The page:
India is a country of diversity and stark contrasts. While a part of this large nation has touched new heights of innovation, science and technology, another part lives in darkness, quite literally. While there are a number of developmental projects aimed at electrifying India’s hinterlands, a non-governmental organisation, Chirag Rural Development Foundation is making a mark by lighting up hundreds of villages in seven Indian states.
Start of Project Chirag
The woman spearheading the project is 62-year-old professor Pratibha Pai of Mumbai, who started the initiative in 2010 with the help of students at H.R. College of Commerce & Economics, Mumbai. What was initially a way to impart holistic education among undergraduate students of the college, became a passion for her.
Pratibha, who has always been interested in social work realised the way it shapes and transforms the human being from within. Talking to The Logical Indian, she said, “I believe that teachers today have no relevance apart from providing these experiences which can bring out the inherent good in people.” She is also indebted to the first batch of students and the then dean of the college, Indu Shahani, for providing her with the support that was needed to lift such a massive project off the ground.
Having left full-time teaching in 2011, she shifted her focus on Project Chirag, which aims to electrify as many Indian villages as they can, and that too sustainably. She said, “It is a 360-degree model that not only brings light, but also impacts lives by addressing issues of education, livelihood, health, and environment.” By harnessing the power of solar power, Pai and her team have dedicated to brighten others’ lives.
Transforming lives through light
In almost nine years, the organisation has electrified 400 villages in 7 states – Maharashtra, Rajasthan, Karnataka, Uttar Pradesh, Uttarakhand, Assam and Meghalaya. Their initiative has helped to light up over 16,000 villages, while around a lakh villagers have been benefitted. She said, “We identify the villages based on their needs for electrification, visit the area and come up with a proposed plan.” The team conducts seminars and orientations with the villagers to help them understand the need for solar energy and why we should forgo kerosene lamps.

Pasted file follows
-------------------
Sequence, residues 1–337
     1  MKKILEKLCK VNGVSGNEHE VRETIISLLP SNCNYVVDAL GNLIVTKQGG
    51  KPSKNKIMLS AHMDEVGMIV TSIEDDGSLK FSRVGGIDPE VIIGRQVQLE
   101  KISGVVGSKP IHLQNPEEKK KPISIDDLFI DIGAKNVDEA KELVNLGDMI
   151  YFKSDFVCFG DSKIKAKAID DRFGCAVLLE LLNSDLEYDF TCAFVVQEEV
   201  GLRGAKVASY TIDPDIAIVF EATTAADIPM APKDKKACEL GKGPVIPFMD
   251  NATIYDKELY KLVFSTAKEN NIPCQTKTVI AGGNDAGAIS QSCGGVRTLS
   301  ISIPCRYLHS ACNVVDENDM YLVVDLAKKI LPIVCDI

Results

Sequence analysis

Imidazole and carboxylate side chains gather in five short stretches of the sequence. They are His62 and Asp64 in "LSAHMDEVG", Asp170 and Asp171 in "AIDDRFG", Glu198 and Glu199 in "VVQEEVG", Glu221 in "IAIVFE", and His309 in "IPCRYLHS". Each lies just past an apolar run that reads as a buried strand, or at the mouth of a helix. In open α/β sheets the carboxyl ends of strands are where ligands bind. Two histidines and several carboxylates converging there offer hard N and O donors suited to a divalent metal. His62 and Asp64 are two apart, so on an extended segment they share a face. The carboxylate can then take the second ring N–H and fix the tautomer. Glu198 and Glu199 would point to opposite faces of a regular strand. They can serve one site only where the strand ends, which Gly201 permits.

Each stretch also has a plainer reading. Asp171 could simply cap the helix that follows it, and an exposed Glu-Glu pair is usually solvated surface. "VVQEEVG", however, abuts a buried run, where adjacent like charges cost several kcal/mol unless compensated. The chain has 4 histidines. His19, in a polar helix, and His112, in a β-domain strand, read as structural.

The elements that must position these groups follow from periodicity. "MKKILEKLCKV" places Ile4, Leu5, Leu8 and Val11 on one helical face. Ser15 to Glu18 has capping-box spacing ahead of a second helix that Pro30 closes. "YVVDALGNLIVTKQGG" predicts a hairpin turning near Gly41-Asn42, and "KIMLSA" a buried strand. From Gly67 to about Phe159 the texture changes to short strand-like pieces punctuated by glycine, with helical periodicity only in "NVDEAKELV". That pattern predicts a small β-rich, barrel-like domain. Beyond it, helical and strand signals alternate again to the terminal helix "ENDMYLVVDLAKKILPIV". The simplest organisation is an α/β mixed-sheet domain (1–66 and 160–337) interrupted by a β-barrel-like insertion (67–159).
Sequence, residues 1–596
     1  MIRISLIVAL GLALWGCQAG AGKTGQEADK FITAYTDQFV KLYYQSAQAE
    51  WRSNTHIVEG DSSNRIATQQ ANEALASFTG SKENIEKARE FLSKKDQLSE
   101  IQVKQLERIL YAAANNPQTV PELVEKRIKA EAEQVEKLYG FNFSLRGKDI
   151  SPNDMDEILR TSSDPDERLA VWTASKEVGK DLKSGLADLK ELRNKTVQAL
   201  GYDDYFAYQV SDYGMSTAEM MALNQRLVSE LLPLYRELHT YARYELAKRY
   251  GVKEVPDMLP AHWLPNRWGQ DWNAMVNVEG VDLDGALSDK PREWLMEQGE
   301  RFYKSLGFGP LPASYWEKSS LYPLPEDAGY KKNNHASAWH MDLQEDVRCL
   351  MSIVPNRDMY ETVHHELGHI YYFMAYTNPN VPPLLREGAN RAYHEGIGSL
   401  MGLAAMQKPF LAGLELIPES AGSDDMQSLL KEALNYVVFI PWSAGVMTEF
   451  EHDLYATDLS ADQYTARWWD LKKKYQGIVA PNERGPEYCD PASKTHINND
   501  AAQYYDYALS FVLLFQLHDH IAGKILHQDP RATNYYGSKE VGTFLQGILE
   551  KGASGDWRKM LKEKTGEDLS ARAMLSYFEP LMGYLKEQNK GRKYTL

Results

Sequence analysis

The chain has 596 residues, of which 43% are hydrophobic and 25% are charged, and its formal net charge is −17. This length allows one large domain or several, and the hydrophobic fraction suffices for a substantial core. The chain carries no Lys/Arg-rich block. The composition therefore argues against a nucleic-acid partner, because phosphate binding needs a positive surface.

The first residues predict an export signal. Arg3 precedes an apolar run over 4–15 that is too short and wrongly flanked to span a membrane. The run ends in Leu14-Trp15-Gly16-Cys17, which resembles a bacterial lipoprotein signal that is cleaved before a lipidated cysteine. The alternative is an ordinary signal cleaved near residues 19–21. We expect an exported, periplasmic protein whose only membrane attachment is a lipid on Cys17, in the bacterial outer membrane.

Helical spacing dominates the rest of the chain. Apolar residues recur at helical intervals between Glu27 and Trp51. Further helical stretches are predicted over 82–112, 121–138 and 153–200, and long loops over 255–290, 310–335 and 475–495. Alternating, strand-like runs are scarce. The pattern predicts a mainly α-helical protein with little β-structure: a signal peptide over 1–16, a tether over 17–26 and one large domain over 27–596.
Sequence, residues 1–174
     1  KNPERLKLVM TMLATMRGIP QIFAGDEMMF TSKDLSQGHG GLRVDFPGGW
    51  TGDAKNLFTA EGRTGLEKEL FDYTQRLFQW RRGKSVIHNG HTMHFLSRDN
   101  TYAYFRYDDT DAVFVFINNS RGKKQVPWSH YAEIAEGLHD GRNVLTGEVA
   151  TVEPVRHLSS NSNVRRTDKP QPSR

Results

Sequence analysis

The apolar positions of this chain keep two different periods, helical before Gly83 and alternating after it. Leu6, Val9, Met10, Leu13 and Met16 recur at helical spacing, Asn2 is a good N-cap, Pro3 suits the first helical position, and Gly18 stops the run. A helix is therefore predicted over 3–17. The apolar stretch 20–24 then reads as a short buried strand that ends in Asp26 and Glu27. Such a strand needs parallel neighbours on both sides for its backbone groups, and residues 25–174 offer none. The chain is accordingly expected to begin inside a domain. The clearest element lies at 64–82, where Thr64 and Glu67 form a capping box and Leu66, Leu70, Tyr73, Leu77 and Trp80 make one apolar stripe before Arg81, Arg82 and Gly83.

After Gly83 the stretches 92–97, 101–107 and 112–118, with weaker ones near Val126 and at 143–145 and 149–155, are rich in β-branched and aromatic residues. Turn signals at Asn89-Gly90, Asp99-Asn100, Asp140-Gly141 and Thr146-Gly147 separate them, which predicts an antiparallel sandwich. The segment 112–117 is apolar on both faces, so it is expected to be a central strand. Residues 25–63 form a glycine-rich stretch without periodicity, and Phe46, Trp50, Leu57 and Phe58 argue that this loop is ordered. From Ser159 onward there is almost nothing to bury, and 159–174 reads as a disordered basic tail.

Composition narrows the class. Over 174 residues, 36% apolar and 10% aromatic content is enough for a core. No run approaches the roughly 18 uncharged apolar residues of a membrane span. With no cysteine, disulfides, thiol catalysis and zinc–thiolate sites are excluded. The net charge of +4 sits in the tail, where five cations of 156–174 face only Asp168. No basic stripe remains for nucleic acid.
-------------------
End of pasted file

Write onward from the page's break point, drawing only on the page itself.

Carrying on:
The organisation employs the help of corporate and private funding to raise money for their massive projects which usually costs lakhs of rupees. However, to help make the villagers realise the importance of ownership, the NGO charges a nominal fee for the solar power equipment. Talking about its sustainability she said, “The solar panels are only required to be wiped when dirty and the battery needs to be changed once every two to three years.” The NGO assesses the economic conditions of a particular area and even educate the villagers on how to save money for the batteries which can cost anywhere between Rs 300 to Rs 500. Pai added, “We have started to waive-off the nominal charges for areas which are extremely poverty stricken.”
Additionally, to sensitise young minds about the conditions in rural India, the NGO takes school and college students to villages, where they work with the organisation to install the panels and carry out the work. Pai said, “We collaborate with different schools in Mumbai to raise money and awareness for different village electrification projects.”
The organisation rightfully brings a different kind of “Diwali” to people’s homes and by 2020, Project Chirag wishes to touch 15,000 more homes in the country, and touch two lakh lives. The Logical Indian applauds Professor Pratibha Pai and her team to come up with such an initiative.